Winless Capitals hang with Flyers until the end, 3-0

October 16, 1993|By Sandra McKee | Sandra McKee,Staff Writer

LANDOVER -- The Washington Capitals finally played hockey last night. They didn't win, but they looked good enough to give the 14,563 faithful at USAir Arena hope that one day they might.

The Capitals, 0-6 and one loss away from their worst start in 10 years, lost to the Philadelphia Flyers, 3-0, on goals by Eric Lindros, Mark Recchi and Josef Beranek.

But for a team giving up an average of six goals, that, in itself, is one of numerous morale builders for the Capitals, who will try for their first win of the NHL season here tonight against Buffalo.

"I don't want anyone to leave with his head down [last night]," said Capitals coach Terry Murray. "I want them all to come back play this way again [tonight]."

The Capitals took only two penalties and didn't give up a power-play goal. They went hard to the net. They outshot the Flyers, 39-18, a huge turnaround for a team that has given up an average of 37 shots in its previous five losses.

And, though they couldn't get the puck past a seemingly invincible Dominic Roussel, who is 4-0 this season, the Capitals continued to dominate play, even after having what appeared to be a goal by Steve Konowalchuk wiped off in the second period.

Washington controlled the tempo and the puck -- a sight unseen this season until last night -- for most of the game.

"They didn't have the better of the play," said Flyers coach Terry Simpson. "They had all of the play. We had good goaltending, good penalty killing and we simply stole this one."

The Capitals felt the same way.

"Sometimes, when you're coming out of a slump, you lose a couple games you should win," said center Dave Poulin. "I think that's where we are right now. If we play like we did in this one, we're going to win the majority of our games."

Coming into last night, the Capitals were willing to try anything. They put Byron Dafoe in net for his first NHL start, and started Portland Pirates call-ups right wing Pat Peake, their No. 1 choice in the 1991 entry draft, and center Konowalchuk, who played 36 games with Washington a year ago, on the same line with Michal Pivonka.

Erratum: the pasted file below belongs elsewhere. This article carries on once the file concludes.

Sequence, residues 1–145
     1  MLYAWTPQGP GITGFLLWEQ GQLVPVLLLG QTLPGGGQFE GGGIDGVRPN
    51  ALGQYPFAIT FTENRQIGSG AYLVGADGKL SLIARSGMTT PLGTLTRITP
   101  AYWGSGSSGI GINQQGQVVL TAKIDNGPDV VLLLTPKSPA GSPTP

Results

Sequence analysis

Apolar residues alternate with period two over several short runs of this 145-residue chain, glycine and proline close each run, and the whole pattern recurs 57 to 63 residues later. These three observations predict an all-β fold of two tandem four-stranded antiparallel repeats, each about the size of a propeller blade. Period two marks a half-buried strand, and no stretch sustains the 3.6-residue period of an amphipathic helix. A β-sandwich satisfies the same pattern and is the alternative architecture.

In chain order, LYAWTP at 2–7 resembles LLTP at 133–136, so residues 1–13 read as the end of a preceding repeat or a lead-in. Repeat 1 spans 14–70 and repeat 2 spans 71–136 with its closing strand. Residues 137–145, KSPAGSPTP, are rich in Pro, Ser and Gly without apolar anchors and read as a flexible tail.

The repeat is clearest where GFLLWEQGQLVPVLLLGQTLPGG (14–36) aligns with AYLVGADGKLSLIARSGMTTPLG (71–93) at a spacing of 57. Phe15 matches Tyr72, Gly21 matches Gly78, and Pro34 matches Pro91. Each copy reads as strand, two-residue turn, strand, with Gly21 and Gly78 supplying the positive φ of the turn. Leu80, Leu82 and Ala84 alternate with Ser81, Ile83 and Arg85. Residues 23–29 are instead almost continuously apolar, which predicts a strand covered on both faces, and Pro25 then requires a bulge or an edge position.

Playing on the same line in Portland, Peake had five assists, as Konowalchuk scored seven goals in four games, and that combination gave everyone a thrill in the second period.

With 2:47 gone, Peake picked up a loose puck and shot. Roussel blocked it, and the puck came out to Konowalchuk, who seemed put it in the net for what would have been the Capitals' second lead in a game this season.

But the goal was disallowed by the officials, Murray said later, because "the action of our player kicking their player's skate put the puck in the net."

Murray said he has never heard such an interpretation of the rule that disallows a goal advanced into the net on a kick by the scoring player.

"In my mind, that's a goal," Murray said.

"Steve tried to lift the puck to get his stick on it, and [Flyer Kevin] Dineen got his skate in there and the puck hit it and went in. If it had hit the goalie and gone in, it would have been a goal, so I don't understand this."

The good news for Murray and the Capitals was that they didn't stop playing well most of the rest of the way.

With 38 shots, Washington had a fair share of opportunities. One of the most frustrating for Murray came with 10:10 left in the period. That's when Peter Bondra was in the slot and instead of taking a wide open shot, decided to pass to center Poulin. By the time Poulin passed it back, the opportunity was past.

Murray said despite his team's improved play overall, he will make changes in tonight's lineup.

"We still haven't won," he said. "We have to keep trying new things, and I want fresh legs as well."

Philadelphia 0 0 3 -- 3

Washington ..0 0 0 -- 0

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